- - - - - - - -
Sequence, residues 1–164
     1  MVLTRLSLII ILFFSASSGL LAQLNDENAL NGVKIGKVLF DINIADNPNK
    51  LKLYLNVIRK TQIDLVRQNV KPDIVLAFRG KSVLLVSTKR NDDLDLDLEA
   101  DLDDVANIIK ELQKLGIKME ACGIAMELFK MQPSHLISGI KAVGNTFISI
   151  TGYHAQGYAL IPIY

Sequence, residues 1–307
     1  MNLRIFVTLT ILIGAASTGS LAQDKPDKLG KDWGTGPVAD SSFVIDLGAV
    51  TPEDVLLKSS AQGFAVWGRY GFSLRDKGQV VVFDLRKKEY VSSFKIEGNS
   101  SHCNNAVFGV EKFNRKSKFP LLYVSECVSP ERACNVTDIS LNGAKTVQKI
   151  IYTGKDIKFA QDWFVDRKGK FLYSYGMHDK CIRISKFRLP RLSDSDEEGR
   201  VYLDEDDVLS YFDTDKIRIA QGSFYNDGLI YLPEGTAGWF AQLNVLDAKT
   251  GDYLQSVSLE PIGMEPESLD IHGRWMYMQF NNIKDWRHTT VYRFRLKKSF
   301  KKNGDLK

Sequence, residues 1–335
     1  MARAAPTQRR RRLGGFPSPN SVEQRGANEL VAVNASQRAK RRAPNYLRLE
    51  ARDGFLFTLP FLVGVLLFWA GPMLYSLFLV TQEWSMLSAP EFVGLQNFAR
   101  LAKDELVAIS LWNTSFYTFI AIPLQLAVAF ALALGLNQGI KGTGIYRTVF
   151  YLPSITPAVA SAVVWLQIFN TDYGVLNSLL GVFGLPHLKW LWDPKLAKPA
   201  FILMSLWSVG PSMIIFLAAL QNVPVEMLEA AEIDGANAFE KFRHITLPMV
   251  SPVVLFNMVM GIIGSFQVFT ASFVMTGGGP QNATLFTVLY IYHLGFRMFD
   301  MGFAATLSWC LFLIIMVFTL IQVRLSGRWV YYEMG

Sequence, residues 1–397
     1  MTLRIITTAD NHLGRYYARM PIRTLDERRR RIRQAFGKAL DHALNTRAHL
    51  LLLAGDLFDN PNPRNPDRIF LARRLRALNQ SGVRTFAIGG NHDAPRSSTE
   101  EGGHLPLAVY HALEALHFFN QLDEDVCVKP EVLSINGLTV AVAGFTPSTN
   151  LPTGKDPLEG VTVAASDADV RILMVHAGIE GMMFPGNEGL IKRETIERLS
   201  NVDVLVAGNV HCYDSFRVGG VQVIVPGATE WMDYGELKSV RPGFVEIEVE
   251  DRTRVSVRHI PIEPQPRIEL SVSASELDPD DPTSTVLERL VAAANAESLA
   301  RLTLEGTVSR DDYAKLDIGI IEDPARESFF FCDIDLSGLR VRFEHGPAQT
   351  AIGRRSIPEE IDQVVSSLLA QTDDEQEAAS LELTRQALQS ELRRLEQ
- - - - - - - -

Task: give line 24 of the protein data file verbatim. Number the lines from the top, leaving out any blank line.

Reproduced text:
    51  LLLAGDLFDN PNPRNPDRIF LARRLRALNQ SGVRTFAIGG NHDAPRSSTE